ATLANTA – Georgian officials certified President-elect Joseph R. Biden Jr.’s victory in the state on Friday, hours after a staff member mistakenly sent a statement saying the process was over – a surreal glitch from last minute in a critical context and up close. looked at the state of the battlefield.
The certification ensured that Mr. Biden would receive the state’s 16 electoral votes and dealt a blow to President Trump’s attempt to overturn the vote in half a dozen battlefield states, and with it, the national elections which Mr. Biden won decisively.
It was a first step in the state-by-state process to finalize Mr Biden’s victory, a process expected to unfold in the coming days as Mr Trump continues to deny his defeat and cry fraud and his campaign and its surrogates are flooding the courts with largely baseless lawsuits that have so far failed.
“I live by the motto that numbers don’t lie,” Secretary of State Brad Raffensperger, top Georgian and Republican elections official, said at a press conference Friday morning in the state capital. “I think the numbers we presented today are correct.”
The certification followed a manual recount of the state’s five million votes that Raffensperger ordered after being requested by the Trump campaign. The recount revealed that Mr. Biden had beaten Mr. Trump by more than 12,000 votes.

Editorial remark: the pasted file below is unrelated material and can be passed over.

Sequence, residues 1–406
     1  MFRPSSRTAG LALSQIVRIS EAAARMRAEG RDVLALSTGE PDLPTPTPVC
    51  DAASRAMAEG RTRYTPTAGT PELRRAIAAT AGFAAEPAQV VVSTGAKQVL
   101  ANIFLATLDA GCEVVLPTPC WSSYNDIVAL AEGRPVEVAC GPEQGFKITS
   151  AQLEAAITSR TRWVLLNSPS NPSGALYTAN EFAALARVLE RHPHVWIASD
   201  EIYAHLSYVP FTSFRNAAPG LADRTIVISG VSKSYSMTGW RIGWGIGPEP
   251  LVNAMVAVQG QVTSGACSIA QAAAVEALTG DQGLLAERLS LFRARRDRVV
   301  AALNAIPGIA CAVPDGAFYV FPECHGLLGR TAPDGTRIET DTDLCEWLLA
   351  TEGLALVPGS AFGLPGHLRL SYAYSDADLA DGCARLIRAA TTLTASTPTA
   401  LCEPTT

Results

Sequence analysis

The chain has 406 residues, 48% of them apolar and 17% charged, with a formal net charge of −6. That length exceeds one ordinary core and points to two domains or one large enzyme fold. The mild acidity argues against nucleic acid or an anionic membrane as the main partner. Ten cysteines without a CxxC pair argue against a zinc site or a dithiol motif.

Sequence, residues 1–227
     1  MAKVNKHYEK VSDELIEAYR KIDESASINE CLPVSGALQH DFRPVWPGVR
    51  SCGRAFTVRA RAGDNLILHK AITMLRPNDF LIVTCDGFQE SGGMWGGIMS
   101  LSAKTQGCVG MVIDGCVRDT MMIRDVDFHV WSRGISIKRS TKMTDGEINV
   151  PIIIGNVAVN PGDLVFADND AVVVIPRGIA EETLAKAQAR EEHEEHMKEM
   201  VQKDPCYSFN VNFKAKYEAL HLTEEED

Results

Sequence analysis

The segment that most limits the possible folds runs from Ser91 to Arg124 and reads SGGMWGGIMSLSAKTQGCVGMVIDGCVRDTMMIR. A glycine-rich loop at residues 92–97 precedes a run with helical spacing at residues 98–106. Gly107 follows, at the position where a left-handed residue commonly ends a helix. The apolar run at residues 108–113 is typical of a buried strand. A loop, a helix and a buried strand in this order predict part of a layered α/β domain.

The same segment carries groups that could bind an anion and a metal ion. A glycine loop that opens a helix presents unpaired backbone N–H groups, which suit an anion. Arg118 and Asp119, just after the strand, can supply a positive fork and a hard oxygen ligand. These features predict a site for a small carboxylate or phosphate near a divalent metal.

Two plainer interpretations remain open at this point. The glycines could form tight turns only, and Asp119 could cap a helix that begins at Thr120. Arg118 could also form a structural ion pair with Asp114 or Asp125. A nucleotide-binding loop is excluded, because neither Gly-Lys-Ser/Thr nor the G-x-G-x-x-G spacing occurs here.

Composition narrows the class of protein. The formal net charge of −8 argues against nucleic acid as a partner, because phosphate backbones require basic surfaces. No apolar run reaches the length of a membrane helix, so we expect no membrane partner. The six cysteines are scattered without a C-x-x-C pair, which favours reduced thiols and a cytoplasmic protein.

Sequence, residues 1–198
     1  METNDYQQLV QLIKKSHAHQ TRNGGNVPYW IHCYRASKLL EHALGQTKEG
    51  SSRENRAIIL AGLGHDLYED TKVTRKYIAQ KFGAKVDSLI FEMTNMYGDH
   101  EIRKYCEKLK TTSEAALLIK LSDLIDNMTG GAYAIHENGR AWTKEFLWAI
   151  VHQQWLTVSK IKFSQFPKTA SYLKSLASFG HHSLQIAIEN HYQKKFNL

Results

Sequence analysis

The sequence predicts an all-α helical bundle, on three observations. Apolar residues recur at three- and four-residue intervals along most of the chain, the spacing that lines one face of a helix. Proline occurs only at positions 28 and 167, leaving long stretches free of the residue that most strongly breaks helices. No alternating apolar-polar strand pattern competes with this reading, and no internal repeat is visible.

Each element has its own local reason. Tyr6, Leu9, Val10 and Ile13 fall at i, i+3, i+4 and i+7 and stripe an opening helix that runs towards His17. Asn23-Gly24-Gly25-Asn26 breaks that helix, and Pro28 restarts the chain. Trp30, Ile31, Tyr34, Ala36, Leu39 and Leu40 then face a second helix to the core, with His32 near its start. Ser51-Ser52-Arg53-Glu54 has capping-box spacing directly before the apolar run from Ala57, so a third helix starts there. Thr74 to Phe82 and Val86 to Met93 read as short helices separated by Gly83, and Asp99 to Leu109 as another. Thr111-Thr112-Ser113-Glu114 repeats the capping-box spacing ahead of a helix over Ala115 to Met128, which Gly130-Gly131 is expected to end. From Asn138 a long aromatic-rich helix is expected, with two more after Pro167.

“Like other Republicans, I am disappointed that our candidate did not win Georgia’s electoral votes,” Raffensperger said.
The news came hours after Georgian officials mistakenly announced that certification was complete. “We had a staff member who sent the wrong press release,” said Jordan Fuchs, Georgia’s deputy secretary of state.
Official documentation of Mr Biden’s triumph in Georgia, a state no Democrats had won for nearly three decades, highlighted the party’s resurgence in power.
Other states that Mr. Trump lost but are contesting are expected to certify their results in the coming days, with deadlines Monday in Michigan and Pennsylvania and November 30 and December 1 in Arizona, Nevada and Wisconsin.
The certification of votes in Georgia came against a backdrop of significant political turmoil and pressure. Mr Raffensperger has been accused of mismanaging the election by his fellow Republicans, including the two state senators David Perdue and Kelly Loeffler, who face second-round races in January that will determine the party control in the Senate. Both are strong supporters of Mr. Trump.
Mr Raffensperger has said since polling day that the process he is responsible for overseeing is trustworthy. When he ordered the recount requested by the Trump campaign, he said it was part of a “risk-limiting audit” of votes.
The audit, which lasted for six days and involved hundreds of employees, found a number of ballots not counted in four counties.
It showed that Mr. Biden beat Mr. Trump by 12,284 votes, with Mr. Trump getting 1,872 net votes from the original tally. The newly discovered ballots devoured Mr Biden’s state head, which stood at 14,156 votes earlier this week.
By law, Mr Raffensperger was obliged to certify the election results before 5 p.m. Friday. Governor Brian Kemp, a Republican, must then certify the results before 5 p.m. Saturday. (The law states that the governor will “certify the lists of presidential voters receiving the highest number of votes,” which appears to leave him with no choice but to choose voters who support Mr. Biden.)
The Trump campaign still has a mouthful of Georgia’s results: State law allows the loser of an election to request a recount by high-speed scanners if the winner is less than a half ahead. percentage point, as is the case here Mr. Biden advance 0.25%. Mr. Trump will have two business days to request the recount.